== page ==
You see, I’ve never had a good relationship with daily word-count targets. It’s co-morbid with my dislike of chapter plans, beat-sheets and whatnot. Those things make me feel hemmed in, and if I fail to hit a target e.g. because I’m ill, it sets up a stress spiral of pushing more and falling further short. The quality of my writing always suffers.

Learning that I do this was such a “Well, duh!” for me. I’m still working on recognising it in the moment, though, because it’s hard to see when you’re mired in it. I was raised to be a self-reliant sort, so I tend to just soldier on in the belief that I can wear any problem down with sheer persistence, when what I need to do is not work harder, but work smarter.

So I’ve had to go backwards to go forwards. I’m at about 125k, but there’s a lot more changed than just adding another 5000 words. I think the script is leaner now, more together. There’s new scenes. I’ve made peace with the fact that the POV count (as well as the word count) is going to be higher than the other three books. THE DRAGON HOUSE will be a bit of a monster, but I can see the shape of the beast in the rough cut stone now, and it pleases me. I just have to set it free.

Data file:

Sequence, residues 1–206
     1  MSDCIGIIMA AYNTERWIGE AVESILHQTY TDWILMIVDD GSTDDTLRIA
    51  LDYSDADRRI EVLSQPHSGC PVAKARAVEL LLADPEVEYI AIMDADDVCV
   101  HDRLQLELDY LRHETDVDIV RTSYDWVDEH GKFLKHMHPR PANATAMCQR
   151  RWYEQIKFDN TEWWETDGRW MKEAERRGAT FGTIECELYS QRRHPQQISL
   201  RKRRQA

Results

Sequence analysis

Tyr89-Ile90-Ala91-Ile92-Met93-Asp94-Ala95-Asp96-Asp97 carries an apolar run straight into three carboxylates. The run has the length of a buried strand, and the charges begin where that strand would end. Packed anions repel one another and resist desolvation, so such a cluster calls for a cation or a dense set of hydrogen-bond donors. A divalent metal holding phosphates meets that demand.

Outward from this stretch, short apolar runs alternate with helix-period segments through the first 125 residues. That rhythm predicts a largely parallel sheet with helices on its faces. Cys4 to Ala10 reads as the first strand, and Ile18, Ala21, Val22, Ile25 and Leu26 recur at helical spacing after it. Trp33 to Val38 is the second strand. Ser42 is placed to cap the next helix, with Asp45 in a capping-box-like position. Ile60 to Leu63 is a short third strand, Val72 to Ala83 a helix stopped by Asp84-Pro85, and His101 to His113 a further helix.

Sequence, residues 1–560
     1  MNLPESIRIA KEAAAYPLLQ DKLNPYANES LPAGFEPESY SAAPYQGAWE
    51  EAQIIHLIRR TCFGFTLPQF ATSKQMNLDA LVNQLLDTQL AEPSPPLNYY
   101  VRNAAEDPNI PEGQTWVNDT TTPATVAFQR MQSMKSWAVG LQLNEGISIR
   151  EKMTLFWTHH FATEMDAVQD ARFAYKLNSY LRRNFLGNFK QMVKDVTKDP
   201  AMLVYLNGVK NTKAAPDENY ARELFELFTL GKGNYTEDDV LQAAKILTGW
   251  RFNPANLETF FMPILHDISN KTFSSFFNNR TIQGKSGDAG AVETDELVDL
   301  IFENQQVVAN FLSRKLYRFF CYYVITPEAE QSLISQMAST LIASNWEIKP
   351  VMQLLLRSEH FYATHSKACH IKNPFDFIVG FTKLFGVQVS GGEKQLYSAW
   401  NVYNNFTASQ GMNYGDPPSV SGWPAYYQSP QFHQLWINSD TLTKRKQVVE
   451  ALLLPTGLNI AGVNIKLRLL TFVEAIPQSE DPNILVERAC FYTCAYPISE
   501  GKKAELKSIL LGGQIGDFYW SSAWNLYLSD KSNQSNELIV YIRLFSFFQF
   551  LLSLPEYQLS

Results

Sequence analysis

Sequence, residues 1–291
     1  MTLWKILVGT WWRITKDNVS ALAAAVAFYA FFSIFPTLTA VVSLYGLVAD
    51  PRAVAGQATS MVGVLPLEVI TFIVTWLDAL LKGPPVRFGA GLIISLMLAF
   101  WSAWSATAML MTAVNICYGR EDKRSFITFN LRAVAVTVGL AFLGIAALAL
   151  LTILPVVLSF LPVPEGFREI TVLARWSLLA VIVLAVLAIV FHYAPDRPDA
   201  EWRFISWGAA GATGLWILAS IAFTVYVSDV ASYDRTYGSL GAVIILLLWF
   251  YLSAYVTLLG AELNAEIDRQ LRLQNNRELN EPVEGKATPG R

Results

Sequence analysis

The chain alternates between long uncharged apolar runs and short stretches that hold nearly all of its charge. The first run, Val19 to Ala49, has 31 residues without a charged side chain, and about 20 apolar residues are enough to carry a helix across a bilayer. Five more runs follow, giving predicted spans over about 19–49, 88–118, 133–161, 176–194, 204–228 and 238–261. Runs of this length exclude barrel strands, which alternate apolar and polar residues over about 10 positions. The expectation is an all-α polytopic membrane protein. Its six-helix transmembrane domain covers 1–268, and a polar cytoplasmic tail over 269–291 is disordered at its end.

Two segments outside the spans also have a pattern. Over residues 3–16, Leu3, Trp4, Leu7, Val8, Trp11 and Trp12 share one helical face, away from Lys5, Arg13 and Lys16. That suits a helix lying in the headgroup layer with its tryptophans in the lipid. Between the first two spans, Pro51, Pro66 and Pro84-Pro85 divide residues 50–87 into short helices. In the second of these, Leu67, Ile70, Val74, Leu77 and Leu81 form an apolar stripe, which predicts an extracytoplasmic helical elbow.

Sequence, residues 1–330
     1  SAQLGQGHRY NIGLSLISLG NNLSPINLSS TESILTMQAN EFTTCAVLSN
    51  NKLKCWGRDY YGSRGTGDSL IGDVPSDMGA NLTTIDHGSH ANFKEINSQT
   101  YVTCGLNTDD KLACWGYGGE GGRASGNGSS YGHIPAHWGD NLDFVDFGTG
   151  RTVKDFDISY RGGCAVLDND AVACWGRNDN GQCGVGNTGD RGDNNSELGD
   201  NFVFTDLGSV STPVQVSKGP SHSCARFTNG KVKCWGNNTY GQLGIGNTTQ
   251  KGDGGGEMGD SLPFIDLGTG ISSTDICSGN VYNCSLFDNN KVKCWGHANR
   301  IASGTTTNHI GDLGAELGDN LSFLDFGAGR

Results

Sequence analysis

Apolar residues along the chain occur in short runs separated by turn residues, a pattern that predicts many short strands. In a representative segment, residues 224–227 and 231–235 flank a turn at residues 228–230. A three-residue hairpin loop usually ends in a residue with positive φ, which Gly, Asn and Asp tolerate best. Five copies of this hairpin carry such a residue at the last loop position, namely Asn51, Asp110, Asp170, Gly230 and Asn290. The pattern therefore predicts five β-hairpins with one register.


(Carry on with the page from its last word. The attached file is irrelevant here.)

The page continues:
So there you go.

Is Gair going to be OK? Will he end up with Tanith? Do we see Ailric/Ytha/Drwyn get their comeuppance? TELL ME.

You want spoilers, now? No, I’m not telling. Yes, I am a big meaniepants.

So what are we supposed to do while we wait, huh?

If you haven’t already read them, there’s two sample chapters here under ‘Books’ in the top menu. If you have already read them . . . um. Sorry? Please read someone else’s books – there’s lots of great ones to choose from. I’ll still be here when you get back.

And on that note, I want to apologise to everyone for taking so long with this book. It’s not what I wanted to happen. I hope I can repay everyone’s patience with a worthy finale to the series. I want THE DRAGON HOUSE to be the best that I can make it.

And you will get to read it.